The Hills Run Red Review
One of the more praised films in the Spaghetti Western canon is Carlo Lizzani's Kill and Pray. It is a political and poetic western that features Pier Paolo Pasolini and draws parallels between the politics of the late sixties with times of liberation and revolution. Allegory and politics would also mark Lizzani's attempts at exploitations movies like Teenage Prostitution Racket, but of his earlier directorial jobs his work is much more straightforward.
Any subtext in The Hills Run Red passes me by. Two confederate army buddies are carrying a shedload of money to help the cause at the end of the civil war when they are set upon by Yankees. One gets away and uses the money to build his own fiefdom, and the other gets five years in chokey away from his loving wife and daughter. Once Brewster is freed, he discovers that Milton has let his wife die in despair and poverty and he plans with the help of an old timer to get even.
It's wholly possible that you can equate the post war reconstruction of Italy with this story. Milton is the gangster whose got rich on illicit money and trade, and Brewster is the avenging angel sent to punish his betrayal of his roots and cause. Its possible but this kind of reading seems to be about giving too much attention to what is a rather generic revenge tale. This seems to be a simple case of brothers in war becoming enemies in peacetime.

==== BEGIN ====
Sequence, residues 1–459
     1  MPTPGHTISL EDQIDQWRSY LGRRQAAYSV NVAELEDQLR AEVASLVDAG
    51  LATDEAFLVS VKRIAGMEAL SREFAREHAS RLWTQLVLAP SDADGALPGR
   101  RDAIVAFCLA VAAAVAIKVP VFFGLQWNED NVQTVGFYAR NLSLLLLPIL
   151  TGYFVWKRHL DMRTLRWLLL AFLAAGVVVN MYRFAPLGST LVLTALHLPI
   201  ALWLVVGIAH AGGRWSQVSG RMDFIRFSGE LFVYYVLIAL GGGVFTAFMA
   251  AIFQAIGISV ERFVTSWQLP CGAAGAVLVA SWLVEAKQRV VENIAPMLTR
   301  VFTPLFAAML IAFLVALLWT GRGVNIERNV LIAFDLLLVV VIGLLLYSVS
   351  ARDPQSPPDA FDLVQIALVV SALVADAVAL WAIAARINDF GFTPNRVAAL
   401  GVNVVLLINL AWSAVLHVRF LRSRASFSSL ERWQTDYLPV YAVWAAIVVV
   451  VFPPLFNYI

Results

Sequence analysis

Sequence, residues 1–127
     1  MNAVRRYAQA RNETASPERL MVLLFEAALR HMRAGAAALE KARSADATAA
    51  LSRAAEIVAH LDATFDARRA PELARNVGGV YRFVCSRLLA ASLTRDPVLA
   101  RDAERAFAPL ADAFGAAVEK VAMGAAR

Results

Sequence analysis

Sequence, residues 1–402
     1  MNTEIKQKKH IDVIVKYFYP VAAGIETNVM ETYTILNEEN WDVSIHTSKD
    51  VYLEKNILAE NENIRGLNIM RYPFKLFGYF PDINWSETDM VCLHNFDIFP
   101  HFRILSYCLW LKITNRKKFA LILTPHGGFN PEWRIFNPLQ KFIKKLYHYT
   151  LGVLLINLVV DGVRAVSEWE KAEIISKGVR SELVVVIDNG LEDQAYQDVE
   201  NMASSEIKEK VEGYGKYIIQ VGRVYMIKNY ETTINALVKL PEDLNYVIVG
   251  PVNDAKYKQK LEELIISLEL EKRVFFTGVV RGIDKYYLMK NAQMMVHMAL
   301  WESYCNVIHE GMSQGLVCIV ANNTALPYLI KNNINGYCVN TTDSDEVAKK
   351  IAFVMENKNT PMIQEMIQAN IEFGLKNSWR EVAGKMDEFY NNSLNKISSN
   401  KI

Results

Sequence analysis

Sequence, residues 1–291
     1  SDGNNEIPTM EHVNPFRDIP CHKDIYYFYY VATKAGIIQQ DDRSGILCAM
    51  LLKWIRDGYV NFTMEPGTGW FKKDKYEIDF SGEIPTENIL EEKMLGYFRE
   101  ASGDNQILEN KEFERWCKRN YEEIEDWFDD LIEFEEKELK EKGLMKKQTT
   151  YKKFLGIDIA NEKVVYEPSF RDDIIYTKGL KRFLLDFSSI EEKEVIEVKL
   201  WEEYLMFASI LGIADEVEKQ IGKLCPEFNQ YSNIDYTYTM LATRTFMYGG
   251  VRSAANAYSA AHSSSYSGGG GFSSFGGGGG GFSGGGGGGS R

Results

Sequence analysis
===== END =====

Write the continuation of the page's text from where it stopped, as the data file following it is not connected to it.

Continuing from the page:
From my perspective, the elements of this particular spaghetti that make it intriguing are those scattered around its outside. The central characters are fairly obvious, stock decent hero and lying villain, although their class diference is given more thought than in more ordinary examples of the western. The people around them are far more interesting though. Milton's henchman is a wonderfully instinctual, and surprisingly effervescent creation from Henry Silva. Silva is a partying Mexican sadist who enjoys the fear he instils in others and enjoys his status as the man who gets things done. Dan Duryea appears in an underwritten role as a beacon of decency who will help Brewster fight for his family and right and wrong.
The writing allows little for Silva and Duryea to work with but their performances and presence lend interest to a flick which would otherwise be a little predictable. The gun fights and roustabouts are here in spades and they do their job in keeping you entertained, but the plot is rather too simple and the approach to it rather too straightforward to guarantee anything of excellence. Violence is of the bang bang kind and there is little in terms of photography, editing or ideas to set this film apart from many others.
The Hills Run Red is competent but a little dull with none of the complexity that Lizzani would later bring to his work.
The film comes on a barebones region locked single layer disc. The menu is very basic with the two options of "play" and "scene select", and the background used is static poster art. It is though a lovely transfer at times, exquisitely detailed with excellent saturation and faithful colour balance. It is very sharp throughout and my only quibbles have to be that contrast is sometimes too dark and that edge enhancement is more visible than I would choose at times. A very small number of scenes seem to have come from an inferior print.
The sound comes via a mono English dub which is subject to some distortion and a few pops and cracks, but some cues seem mistimed during the film and the mixing of the main film to the opening and closing titles seems a little awkward. Voices are clear and this is a solid audio effort backing up a very good transfer.
One for the completists and genre junkies as this is an interesting diversion but nothing more.